Cats Have Plenty Of Facial Expressions, Humans Are Just Rubbish At Recognizing Them


Dr. Alfredo Carpineti

Senior Staff Writer & Space Correspondent

clockDec 2 2019, 16:32 UTC

What is she thinking? Christopher Carpineti/IFLScience

Cats have a (possibly unfair, possibly not) reputation for being aloof and hard to read, but it seems that’s more on us than on them. According to a new study, our furry friends have plenty of facial expressions they use to communicate, it’s just that only 13 percent of us are very very good at understanding them.

The study, published in Animal Welfare, had 6,329 people looking at 20 videoclips of cats, focusing on their faces. The subjects were asked to work out if the cats were feeling positive or negative and on average they scored better than if they just guessed, but this was still only an average score of 12 out of 20. Just 13 percent performed well, scoring 15 out of 20. Interestingly, women were better than men at correctly recognizing felines' expressions. There was also a generational gap with younger people faring better than older people.


“The fact that women generally scored better than men is consistent with previous research that has shown that women appear to be better at decoding non-verbal displays of emotion, both in humans and dogs,” co-leader of the project Profesor Georgia Mason from the University of Guelph said in a statement.

Being around cats in a professional capacity, such as being a veterinarian, also helped in better understanding what the cats in the videos were feeling. Surprisingly, being a cat-owner or cat lover didn’t give an advantage. In general, positive cat expressions were more easily identified than negative ones.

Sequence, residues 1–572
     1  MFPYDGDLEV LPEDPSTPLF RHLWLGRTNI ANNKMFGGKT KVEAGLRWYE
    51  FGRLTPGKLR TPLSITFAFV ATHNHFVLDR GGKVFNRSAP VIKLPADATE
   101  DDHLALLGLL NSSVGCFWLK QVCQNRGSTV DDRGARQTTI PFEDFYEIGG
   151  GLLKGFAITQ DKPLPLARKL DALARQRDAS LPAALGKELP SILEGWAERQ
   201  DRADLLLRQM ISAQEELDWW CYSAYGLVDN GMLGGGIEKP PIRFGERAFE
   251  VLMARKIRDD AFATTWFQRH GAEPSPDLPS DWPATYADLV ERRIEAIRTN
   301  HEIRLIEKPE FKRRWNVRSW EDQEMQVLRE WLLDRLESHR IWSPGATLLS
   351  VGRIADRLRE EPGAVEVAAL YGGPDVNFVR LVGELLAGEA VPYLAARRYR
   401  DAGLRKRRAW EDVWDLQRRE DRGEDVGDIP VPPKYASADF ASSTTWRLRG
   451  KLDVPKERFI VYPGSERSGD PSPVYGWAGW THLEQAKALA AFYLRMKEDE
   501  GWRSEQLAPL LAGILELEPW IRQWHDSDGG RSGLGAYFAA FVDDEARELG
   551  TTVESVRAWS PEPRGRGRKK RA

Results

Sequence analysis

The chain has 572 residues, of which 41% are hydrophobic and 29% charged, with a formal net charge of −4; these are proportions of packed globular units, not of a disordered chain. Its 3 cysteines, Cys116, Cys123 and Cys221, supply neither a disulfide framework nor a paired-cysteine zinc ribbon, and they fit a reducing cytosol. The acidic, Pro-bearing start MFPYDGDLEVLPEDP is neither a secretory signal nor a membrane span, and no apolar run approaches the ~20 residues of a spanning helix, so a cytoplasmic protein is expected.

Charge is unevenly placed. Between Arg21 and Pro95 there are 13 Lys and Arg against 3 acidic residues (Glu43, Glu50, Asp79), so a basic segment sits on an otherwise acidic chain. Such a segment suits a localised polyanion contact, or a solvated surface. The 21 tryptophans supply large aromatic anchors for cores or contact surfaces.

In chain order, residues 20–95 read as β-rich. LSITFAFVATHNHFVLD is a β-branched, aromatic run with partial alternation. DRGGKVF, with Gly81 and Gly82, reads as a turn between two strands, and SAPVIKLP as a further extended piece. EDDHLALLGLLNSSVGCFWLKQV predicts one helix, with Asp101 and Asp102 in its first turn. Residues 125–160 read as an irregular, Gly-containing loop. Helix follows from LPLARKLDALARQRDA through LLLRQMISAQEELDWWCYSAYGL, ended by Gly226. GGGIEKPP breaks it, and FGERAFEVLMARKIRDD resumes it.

Do you really have to ask what I think of my new neckerchief, Karen? Lisa Charbonneau/Shutterstock 

“The ability to read animals’ facial expressions is critical to welfare assessment. Our finding that some people are outstanding at reading these subtle clues suggests it’s a skill more people can be trained to do,” co-lead author Professor Lee Niel, also of the University of Guelph, explained.


The findings show that being good at reading cat expressions is not something people are born with, it is something you can learn, which is good news for cats. People can be trained to understand their cats or cats in general better.

“This is important to be able to do because it could help strengthen the bond between owners and cats, and so improve cat care and welfare,” said Niel.

No doubt there are some things cats will have no problem making their feelings clear about, like the fact you've been holding them like an amateur your whole life. However, if you’re curious to know how well your cat-reading abilities are, or as the researchers call it “being a cat-whisperer”, you can take the test on the research team’s website.